Transformative Anthropology I.

I’m going to try here to rope in a few colleagues to respond in public–here–to something I’ve been playing around with off and on for four years. To set this up, here is an edited version of an email I sent to a friend in February.

I have a very important intellectual inquiry to address to you.

Here’s the context. In 2005 I trained ‘street anthropologists’ to conduct informal inquiries about why members of their community had landed in that community. It was framed for me as a Boas-like drill down and the results were given by respondents as simple phenomenological answers. Since the goal was more to learn from the process of inquiry than to generate research for other uses, the debrief was as much about what it was like to experience the act of asking and listening.

However, something became obvious when we debriefed the survey. It was this: almost everybody surveyed ended up living in the community due to a priori features of their personal circumstance prior to their relocating to this community. These features turn out to be extremely fragile. Which is to say: that the features are each contingent on other fragile features.

So: the features are both necessary and also contingent upon other necessary features. What necessarily promoted the decision to relocate fanned out into very fragile webs of necessary “prior” conditions. Had one of those conditions been slightly different, the decision would have been different and the respondant would have ended up locating somewhere else.

I’ll give an example I have used to illustrate this. In 1974 I was working in a record store in my hometown of Cleveland and on a June afternoon a robber stuck the store up, marched me into the backroom, had me lay down, and shot me in the back. I was not badly wounded, but the bullet struck me two inches from my spine. A month later I decided to move (the hell) away from my hometown and took a bus to Vermont. Being shot allowed me to re-rationalize my–at the time–confused sense of where I was going in my life.

In Vermont, over time, I met my wife-to-be, developed my ‘karass’ and met lifelong friends, read through shelves of books while working at desk in the back of a book store, had remarkable encounters, met important influences, had wild once-in-a-lifetime experiences like staying up all night with John Cage (who became very close to my then wife,) and on and on. My intellectual preoccupations became diversified in ways I attribute to the flux of bohemian, new age, post-professional, outsider, academic, circumstances I encountered.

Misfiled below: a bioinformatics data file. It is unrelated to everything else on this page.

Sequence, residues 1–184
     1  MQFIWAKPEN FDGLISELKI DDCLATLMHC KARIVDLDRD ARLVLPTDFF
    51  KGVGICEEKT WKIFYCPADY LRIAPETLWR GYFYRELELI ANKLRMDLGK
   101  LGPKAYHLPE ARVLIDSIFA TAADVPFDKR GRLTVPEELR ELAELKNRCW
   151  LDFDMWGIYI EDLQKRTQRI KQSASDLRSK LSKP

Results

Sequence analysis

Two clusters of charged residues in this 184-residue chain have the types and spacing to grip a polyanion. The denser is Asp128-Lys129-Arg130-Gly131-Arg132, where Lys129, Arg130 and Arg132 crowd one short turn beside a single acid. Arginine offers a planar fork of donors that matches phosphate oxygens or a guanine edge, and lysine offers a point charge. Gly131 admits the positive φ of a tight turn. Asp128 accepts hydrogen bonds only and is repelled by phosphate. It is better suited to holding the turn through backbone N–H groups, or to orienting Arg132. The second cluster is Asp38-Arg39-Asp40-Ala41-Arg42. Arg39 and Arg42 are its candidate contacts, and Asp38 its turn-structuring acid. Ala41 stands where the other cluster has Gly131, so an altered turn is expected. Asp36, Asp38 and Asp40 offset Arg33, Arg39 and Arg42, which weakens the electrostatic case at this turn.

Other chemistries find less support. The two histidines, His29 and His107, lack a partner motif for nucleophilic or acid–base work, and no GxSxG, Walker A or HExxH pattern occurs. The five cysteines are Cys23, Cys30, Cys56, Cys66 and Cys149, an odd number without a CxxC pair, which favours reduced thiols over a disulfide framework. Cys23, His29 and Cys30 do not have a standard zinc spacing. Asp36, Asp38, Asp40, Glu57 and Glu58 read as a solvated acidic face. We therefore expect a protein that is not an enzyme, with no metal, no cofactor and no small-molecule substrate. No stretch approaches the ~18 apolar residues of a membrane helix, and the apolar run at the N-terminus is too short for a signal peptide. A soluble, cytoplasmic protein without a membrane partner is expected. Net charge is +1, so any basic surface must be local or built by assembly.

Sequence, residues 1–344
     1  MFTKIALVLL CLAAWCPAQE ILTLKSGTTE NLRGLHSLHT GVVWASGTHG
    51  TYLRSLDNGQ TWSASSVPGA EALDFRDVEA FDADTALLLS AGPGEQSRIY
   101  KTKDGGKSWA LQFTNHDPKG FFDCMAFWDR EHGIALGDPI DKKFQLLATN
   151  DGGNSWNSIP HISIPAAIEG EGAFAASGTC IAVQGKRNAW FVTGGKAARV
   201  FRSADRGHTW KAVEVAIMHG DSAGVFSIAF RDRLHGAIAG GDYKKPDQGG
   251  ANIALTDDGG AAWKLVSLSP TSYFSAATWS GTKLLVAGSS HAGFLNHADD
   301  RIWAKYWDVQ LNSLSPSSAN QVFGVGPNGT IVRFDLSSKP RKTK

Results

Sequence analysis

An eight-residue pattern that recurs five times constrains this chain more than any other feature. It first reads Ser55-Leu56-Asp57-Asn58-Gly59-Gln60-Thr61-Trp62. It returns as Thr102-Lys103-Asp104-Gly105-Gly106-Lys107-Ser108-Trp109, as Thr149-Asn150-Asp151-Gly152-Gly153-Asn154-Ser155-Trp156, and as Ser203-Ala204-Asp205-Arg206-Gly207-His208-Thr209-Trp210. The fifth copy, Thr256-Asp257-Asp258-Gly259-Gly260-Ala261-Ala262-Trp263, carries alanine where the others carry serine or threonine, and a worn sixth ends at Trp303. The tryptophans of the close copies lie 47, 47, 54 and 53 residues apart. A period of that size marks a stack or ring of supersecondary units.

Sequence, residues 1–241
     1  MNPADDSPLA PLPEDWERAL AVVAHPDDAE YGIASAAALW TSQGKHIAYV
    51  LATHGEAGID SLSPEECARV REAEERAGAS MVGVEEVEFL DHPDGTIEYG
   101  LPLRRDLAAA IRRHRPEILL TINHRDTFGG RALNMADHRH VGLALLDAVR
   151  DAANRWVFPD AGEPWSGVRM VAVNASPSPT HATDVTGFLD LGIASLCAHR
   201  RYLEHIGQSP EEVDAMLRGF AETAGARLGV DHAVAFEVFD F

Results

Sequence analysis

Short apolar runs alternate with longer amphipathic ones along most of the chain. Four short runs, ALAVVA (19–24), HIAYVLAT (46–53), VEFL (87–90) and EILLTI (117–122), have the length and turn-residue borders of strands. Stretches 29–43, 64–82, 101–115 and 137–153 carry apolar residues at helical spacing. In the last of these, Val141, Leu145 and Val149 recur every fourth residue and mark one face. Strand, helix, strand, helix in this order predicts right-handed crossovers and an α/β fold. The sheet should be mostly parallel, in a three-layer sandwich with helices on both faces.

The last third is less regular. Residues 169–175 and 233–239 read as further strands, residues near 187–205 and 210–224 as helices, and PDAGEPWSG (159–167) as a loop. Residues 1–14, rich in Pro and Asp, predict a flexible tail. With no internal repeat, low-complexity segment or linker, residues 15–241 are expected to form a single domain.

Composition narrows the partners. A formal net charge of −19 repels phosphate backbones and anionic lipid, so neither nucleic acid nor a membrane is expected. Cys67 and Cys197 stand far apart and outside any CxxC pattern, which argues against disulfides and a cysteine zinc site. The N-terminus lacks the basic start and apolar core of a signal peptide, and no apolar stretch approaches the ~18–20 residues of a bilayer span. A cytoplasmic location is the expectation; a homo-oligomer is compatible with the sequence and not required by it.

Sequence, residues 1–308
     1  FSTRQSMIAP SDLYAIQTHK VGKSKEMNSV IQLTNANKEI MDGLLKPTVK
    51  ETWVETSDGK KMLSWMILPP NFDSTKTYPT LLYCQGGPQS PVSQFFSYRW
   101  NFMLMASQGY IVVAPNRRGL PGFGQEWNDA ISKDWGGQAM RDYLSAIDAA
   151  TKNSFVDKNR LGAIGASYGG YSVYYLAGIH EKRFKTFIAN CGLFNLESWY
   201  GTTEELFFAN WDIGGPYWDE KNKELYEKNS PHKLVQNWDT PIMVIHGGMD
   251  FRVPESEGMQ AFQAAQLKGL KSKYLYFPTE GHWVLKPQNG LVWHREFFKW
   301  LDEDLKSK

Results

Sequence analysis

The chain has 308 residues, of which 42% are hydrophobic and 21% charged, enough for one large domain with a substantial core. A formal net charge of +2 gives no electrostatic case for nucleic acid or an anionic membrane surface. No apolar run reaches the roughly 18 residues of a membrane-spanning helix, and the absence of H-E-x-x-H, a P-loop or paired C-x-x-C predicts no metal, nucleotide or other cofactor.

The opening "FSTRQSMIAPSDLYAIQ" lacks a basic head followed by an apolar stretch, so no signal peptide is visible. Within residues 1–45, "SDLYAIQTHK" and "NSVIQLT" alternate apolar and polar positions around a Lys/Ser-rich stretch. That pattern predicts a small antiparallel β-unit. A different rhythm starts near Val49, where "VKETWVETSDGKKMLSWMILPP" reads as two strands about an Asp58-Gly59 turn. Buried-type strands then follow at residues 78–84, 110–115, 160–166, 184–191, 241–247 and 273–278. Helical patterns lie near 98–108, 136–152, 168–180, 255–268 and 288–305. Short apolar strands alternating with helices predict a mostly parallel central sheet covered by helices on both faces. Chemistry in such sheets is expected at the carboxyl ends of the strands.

So, the upshot is: in what way was the robber a key mover for setting me on this unplanned vector?

Alternately, if he had not walked into the store on that afternoon, and done so based on his own contingencies, everything goes in a different direction. Literally, nothing that came after would have ever unfolded.

I have amplified this weird conjunction and necessary “generativity” of bullet and 19 year old hippie, by thinking out loud in front of workshop participants,

“Would I–today–wish for this robber not to have come into the store, and into my life?”


Armed with this insight, in a second round of surveys we asked questions aimed to evoke identification of the subject’s own necessary contingencies. The question: What brught you to Lakewood? Later, in my own one-on-one inquiries, it has turned out that all sorts of developmental ‘moves’ rest upon all sorts of fragile happenstance.

Several further insights: it’s apparent that we are not hard wired to view our own identity in these terms at all. I have not once made an inquiry to discover that the fragility of necessary conditions had already occurred as an insight of the subject.

Secondly, I have been asked “So why is this important?” To which I have replied, that understanding the fragility of what were/are necessary conditions, may offer us the opportunity to experience more accurately the reality of that which underpins our development in one direction, but not another. And, there’s lots more that could be said about what is the value of recognizing the ‘fragility of it all.’

As an aside, when Malcolm Gladwell published Outliers, his recent book about the conditions which underpin success, I wondered if he would remark on the fragility factor. He does not, and refers to conditions simply in terms of ‘because ofs’ without ever assessing how fragile they are.

My questions is this:

Where is this fragility previously recognized by those who have reflected upon the structure of necessary conditions underneath human development?

(added note; August 2009)

I’ve stepped around how this could be considered in abstract terms or in “spiritualizing” terms. I’ve searched high and low for any commentary that addresses this in pragmatic and developmental terms. The reason I’ve gone in this direction is because I find the intersection of the objective-structural web of contingency, with, the possible import of these true features being well known by the subject, to be a pragmatic instance.

By pragmatic I mean in someway understandable by the subject, (in contemplating their own developmental contingencies,) as a truth, or verity.

Incidentally, this brings to my mind a pragmatic autopoiesis about the deep nature of human development; and given to this are random constitutive-generative “facts.”

I did find an august philosopher, Nicholas Rescher, who wrote a book, Luck: The Brilliant Randomness Of Everyday Life, that, surprisingly, qualifies everyday randomness brilliantly without qualifying the web of contingency.

Go figure!

Now I’m going to turn the loving screws to some friends a bit and learn more. What say you?

Leave a Comment

Filed under adult learning

Leave a Reply

Your email address will not be published.